I am so happy, honored & humbled to win together with Michael Smets and Tim Morris the 2021 OMT Best Published Paper Award for the article ’God at Work’: Engaging Central and Incompatible Institutional Logics Through Elastic Hybridity published at the Academy of Management Journal.
I think this is the highest achievement for an article in my discipline. It is deemed the best article within organization and management theory among all articles published in all journals in 2020 (in the entire universe, of course, too ;). For me, it feels a bit akin to winning a Nobel Prize, just without the money – which would have been nice.. 😉
So here is my Oscar, I mean OMT Best Published Paper Award “acceptance speech”:
Thank you to so many anonymous heads, hearts and hands: I was told that multiple committees went through a step-by-step screening process for this award. To all those anonymous colleagues: thank you. Much of our work as reviewer and colleague remains formally unrecognized, but it is actually at the centre of our profession. It keeps our profession together. Thank you Michael Lounsbury for chairing this selection process. Thank you Elaine Hollensbe for being a tough but just editor. Thank you Michael and Tim for embarking on this 6-year journey together.
Thank you to my academic homes during this process: Oxford, WU Vienna, Hamburg and HIIG and to colleagues that make academia meaningful and a collective pursuit. This article – like most – is a co-production and effort of the many. It would not have been thought-able without previous work in, for instance, institutional and paradox theories. And it would not have been writ-able without the countless conversations that continuously transform my, our thinking. Every article deserves an “et al” of the many.
Thank you to my family for enduring the oddities of an academic mind, who is ultra-happy if he receives a very high risk revise-and-resubmit. We are odd creatures. At some point my son spoke of “A M J”. So this work leaves its mark on us, families and friends.
Let me also mention a few other thoughts. Academia is painful and more often about rejections (not failures!) then acceptances (conditional, of course…). Just 3 weeks ago I received a 2nd round reject in a so-called A+ journal. This happens to all of us. We are in this together.
Also, academia is about so much more than publishing. Publishing may be the necessary condition for tenure and jobs (and here personally, I believe in diversifying our metrics and cherishing a diversity of excellence), but it is not, in my opinion, a sine-qua-non condition for being a good academic. And this sole metric has made some of us instrumentally outcome (publish: yes/no) rather than process-focused (intellectual pursuit: yes/no). Personally, I cherish the reviewing process to make a paper better. And I cherish equally the kind and intriguing conversations at conferences or in hallways – with a delicious coffee. We all know this feeling when reading a new thought in a book or article or a conversation that makes us re-think and think further. Am simply loving it. So – and here some of you may differ – I would not see my academic life as a success if I have published only A+ publications, but rather written a mix of intriguing articles and complemented them with having impact – intellectually and practically. By having helped to steer this ship that we call OMT and its adjacent “real worlds” slightly forward in a collective effort.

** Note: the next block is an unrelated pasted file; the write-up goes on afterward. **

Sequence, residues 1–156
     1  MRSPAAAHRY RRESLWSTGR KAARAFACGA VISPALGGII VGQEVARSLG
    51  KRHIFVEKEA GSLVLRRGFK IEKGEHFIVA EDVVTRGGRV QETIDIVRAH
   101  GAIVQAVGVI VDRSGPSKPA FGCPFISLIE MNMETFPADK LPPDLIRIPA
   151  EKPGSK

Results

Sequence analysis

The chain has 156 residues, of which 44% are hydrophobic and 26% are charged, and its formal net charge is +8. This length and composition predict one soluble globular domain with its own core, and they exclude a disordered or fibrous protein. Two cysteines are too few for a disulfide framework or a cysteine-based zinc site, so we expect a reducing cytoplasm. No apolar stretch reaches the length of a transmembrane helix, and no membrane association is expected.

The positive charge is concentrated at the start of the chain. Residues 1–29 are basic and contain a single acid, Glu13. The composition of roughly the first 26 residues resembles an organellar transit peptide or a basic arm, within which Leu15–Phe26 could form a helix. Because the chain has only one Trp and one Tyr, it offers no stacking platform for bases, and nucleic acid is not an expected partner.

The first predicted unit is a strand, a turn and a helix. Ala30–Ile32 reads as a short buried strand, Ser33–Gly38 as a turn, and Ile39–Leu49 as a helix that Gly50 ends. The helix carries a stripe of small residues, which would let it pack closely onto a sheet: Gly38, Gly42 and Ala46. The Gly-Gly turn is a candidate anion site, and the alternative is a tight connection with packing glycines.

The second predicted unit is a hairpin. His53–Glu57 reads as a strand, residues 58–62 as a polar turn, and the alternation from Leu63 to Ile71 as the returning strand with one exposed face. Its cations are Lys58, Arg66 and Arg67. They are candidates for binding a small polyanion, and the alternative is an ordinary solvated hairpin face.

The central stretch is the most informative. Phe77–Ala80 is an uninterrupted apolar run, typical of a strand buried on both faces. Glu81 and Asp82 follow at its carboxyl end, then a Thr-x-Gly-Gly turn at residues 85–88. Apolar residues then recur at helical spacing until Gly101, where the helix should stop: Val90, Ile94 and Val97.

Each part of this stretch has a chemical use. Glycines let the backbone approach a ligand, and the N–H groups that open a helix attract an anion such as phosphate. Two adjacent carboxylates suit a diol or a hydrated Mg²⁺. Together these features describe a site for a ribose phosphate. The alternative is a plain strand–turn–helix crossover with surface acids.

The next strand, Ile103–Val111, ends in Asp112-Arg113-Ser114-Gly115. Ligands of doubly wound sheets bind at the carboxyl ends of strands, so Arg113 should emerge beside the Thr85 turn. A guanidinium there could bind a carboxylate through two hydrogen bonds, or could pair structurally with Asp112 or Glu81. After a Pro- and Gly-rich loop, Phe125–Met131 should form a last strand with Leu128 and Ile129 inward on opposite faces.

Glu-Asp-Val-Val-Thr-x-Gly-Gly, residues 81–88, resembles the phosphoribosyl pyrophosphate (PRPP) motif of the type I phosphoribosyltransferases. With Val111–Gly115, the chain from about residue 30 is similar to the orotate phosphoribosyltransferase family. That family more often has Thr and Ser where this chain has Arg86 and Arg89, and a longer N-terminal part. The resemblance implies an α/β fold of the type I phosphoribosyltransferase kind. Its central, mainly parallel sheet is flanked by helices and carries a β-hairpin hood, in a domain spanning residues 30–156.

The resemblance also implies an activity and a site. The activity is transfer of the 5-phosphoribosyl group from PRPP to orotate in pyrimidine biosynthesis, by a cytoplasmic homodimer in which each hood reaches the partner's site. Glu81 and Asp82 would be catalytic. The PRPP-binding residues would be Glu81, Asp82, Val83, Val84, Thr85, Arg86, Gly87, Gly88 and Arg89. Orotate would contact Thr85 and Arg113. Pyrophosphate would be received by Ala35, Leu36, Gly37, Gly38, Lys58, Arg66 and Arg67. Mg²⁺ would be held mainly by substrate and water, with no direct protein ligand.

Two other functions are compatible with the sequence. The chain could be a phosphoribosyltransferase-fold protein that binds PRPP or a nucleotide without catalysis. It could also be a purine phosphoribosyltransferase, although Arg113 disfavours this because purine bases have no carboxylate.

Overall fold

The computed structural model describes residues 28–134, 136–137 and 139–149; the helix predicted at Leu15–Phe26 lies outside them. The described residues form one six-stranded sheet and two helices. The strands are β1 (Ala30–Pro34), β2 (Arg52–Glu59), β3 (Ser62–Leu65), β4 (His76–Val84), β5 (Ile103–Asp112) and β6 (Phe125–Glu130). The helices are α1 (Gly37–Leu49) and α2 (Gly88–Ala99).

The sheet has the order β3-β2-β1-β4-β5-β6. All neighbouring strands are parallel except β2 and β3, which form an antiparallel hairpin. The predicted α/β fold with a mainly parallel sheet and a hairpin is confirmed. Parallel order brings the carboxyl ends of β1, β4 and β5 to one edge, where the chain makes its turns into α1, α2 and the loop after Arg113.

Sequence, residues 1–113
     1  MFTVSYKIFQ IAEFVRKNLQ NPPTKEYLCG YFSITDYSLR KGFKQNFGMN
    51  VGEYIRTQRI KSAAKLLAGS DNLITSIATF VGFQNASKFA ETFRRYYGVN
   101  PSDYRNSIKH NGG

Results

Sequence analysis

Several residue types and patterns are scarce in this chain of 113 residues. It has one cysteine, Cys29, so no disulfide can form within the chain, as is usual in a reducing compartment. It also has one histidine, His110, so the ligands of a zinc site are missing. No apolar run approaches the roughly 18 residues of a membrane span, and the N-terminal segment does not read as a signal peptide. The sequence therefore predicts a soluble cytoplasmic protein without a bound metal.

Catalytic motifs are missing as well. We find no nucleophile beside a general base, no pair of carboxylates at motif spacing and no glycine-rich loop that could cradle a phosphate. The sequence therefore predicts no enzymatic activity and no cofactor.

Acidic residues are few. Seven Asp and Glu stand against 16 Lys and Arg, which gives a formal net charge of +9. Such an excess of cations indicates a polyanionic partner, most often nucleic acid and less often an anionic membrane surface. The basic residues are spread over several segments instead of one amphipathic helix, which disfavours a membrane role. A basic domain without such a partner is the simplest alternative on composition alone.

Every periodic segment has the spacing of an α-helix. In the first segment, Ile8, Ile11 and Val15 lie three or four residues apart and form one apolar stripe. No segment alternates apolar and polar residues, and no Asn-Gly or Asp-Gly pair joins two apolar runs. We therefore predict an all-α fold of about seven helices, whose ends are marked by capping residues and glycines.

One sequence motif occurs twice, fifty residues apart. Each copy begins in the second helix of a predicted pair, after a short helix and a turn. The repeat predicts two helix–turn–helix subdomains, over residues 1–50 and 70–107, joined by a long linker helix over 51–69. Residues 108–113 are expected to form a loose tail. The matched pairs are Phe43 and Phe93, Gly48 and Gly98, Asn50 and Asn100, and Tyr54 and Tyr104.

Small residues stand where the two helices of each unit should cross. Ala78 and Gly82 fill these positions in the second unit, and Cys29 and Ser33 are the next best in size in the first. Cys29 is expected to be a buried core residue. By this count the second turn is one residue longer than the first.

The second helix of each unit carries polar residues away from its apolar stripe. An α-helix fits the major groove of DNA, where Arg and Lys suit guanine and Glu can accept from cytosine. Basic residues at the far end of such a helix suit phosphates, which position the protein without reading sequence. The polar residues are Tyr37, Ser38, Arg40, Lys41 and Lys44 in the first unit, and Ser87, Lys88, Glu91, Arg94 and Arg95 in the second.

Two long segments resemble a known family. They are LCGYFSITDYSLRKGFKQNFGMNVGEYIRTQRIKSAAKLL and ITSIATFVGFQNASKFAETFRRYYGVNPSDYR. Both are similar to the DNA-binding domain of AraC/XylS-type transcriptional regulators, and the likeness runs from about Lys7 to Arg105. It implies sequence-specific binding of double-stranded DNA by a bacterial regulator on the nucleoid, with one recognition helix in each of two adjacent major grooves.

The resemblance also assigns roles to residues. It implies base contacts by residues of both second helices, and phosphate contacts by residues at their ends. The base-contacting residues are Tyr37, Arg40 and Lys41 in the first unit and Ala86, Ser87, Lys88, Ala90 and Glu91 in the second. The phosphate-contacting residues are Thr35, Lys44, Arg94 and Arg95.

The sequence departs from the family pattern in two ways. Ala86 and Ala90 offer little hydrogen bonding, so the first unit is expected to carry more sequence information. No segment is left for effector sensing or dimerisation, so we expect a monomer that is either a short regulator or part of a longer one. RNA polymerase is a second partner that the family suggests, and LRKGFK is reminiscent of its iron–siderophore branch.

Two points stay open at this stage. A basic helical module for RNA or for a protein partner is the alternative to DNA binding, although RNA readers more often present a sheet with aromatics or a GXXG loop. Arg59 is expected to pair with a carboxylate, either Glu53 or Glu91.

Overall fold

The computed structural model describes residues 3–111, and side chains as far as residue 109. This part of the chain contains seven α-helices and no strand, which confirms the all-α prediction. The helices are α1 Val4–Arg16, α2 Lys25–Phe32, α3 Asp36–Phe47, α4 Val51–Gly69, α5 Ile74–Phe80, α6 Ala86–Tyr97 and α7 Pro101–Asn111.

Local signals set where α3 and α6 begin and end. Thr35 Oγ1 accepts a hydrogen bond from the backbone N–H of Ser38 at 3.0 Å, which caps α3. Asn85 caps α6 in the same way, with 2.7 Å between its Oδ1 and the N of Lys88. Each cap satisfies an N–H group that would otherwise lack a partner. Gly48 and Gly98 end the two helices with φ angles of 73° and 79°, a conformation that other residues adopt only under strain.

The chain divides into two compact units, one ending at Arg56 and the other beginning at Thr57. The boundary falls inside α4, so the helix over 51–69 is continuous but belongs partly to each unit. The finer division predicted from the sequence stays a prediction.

I simply enjoy too much the intellectual conversations with colleagues about something meaningful and the sparkling eyes of practitioners when a concept truly matters. Please see this as an invite to approach me at conferences and elsewhere. Especially after 1,5 years of digital conferences, my heart and mind yearn for meeting people in person and to talk about research, about society, and also the manifold other topics that make our lives colorful (children, coffee, nature, Karate, …).
If you ask yourself what the article we got the award for is actually about: It is about how to achieve unity in diversity despite competing values that are both incompatible and central to the organization and its employees. Through what we call elastic hybridity organizations are capable of institutionally bending without organizationally breaking thereby enabling individuals to practice more of their personal convictions at work while still experiencing a sense of shared organizational purpose. For more:
What’s next for me, i.e. what keeps me awake? I am very intrigued by questions at three intersections: values and organizations; grand challenges and organizations; and digitalization and organizations. A couple of articles here are forthcoming and I am more than happy to share them with you. At the HIIG in my research group, we work on AI, platforms, open innovation and digital (social) entrepreneurship. Happy to share more about our findings here, too.
But for now, I shall celebrate. 🙂